Saskatoon

$3.1M deficit eyed at city hall as drivers steer clear of speeding, parking tickets

Parking tickets, Saskatoon Transit, traffic violations (like speeding) and the city's golf courses all fell short of revenue projections by $1.7 million, $1 million, $871,000 and $296,000, respectively.

Commercial haulers driving past city dump also indirectly costing the city money

The City of Saskatoon is projecting a $3.1 million deficit for 2017, but the figure will be finalized this spring. (Guy Quenneville/CBC)

The City of Saskatoon says it may post a $3.1 million deficit for 2017, and it's blaming slumping revenues from parking tickets, traffic violations and the city dump.

Put another way, people wary of getting fined are being more law-abiding while commercial haulers are trucking their garbage past the city landfill to other sites. Those trends are indirectly costing the city some potential cash.

"Landfill revenue experienced a $1.28 million shortfall in 2017," according to a report going to the city council finance committee on Monday.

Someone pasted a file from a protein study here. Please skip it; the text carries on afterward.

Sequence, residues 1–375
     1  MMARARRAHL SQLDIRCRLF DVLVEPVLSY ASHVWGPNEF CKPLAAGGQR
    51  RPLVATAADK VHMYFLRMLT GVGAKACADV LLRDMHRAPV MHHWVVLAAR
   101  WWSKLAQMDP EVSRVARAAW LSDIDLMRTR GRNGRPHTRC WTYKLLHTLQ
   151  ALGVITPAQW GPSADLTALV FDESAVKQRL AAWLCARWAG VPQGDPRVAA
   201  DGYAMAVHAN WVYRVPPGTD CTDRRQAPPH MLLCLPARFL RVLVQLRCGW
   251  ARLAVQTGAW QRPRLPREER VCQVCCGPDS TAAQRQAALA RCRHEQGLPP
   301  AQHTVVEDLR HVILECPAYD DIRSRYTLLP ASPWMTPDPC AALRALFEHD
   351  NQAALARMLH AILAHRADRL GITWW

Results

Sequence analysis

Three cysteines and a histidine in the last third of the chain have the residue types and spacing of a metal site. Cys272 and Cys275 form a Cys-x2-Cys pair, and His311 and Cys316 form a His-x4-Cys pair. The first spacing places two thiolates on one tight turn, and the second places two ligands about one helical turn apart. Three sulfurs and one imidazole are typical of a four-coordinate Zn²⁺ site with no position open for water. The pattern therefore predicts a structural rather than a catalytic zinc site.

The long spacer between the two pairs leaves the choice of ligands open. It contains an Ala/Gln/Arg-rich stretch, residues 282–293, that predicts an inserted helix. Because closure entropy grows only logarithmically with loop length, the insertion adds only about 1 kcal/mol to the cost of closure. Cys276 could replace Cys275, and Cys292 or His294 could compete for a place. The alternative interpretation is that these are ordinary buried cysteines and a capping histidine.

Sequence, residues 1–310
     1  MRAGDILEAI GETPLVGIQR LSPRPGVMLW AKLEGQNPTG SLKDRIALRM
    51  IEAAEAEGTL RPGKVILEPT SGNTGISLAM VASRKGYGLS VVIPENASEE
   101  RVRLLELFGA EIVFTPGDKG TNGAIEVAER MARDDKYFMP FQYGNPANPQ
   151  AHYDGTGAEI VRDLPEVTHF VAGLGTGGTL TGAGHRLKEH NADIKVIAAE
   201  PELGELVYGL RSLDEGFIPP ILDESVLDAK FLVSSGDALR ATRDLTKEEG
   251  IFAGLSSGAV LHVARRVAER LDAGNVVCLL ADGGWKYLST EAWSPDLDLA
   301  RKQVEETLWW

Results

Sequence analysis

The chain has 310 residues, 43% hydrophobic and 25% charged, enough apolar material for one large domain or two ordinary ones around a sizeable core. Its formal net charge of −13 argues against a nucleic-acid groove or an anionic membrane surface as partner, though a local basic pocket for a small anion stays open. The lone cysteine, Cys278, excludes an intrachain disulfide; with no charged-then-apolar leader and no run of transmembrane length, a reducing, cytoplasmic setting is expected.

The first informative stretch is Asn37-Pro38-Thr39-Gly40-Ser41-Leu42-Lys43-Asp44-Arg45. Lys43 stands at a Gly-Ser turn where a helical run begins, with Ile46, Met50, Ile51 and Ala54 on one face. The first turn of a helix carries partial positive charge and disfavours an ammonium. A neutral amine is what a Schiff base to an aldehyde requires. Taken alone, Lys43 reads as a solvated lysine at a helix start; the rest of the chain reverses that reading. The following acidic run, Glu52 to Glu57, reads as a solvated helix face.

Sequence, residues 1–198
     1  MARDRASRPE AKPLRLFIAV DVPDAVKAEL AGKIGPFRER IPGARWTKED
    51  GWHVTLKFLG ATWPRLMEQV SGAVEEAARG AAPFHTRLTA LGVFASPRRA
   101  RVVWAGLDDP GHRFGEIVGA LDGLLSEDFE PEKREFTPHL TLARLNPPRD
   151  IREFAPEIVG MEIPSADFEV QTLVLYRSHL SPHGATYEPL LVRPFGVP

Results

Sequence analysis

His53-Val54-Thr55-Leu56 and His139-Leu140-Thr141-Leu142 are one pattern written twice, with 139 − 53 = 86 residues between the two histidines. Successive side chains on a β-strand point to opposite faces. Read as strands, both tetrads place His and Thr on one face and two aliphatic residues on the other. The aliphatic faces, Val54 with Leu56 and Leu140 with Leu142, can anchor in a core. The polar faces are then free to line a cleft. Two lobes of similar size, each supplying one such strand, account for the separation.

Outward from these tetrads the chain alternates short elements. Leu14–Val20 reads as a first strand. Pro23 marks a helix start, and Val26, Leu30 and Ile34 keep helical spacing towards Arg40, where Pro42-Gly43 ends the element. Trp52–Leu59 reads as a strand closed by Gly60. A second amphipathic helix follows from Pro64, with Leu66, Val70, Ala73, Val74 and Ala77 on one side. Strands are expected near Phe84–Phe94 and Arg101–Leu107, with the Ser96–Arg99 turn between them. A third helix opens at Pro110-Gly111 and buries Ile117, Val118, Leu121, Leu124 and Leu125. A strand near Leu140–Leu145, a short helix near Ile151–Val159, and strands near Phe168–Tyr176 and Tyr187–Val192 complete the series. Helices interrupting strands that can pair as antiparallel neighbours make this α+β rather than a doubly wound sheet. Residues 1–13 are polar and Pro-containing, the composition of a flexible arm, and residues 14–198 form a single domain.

Parking tickets, Saskatoon Transit, traffic violations (like speeding) and the city's golf courses also fell short of projections by $1.7 million, $1 million, $871,000 and $296,000, respectively.

The trickle of coin into the city's non-tax piggy banks was flagged by the city last November during 2018 budget time and comes despite Saskatoon's growing population.

The $3.1 million deficit figure will be revised this spring, however, and the final shortfall will ultimately be covered by a stabilization reserve that's currently sitting at $8.1 million.

The city hopes its move toward garbage as a utility may reverse the trend of slumping landfill revenues, though how exactly residents will be billed for waste under that new system remains to be ironed out.

About the Author

Guy Quenneville

Reporter at CBC Saskatoon

Story tips? guy.quenneville@cbc.ca

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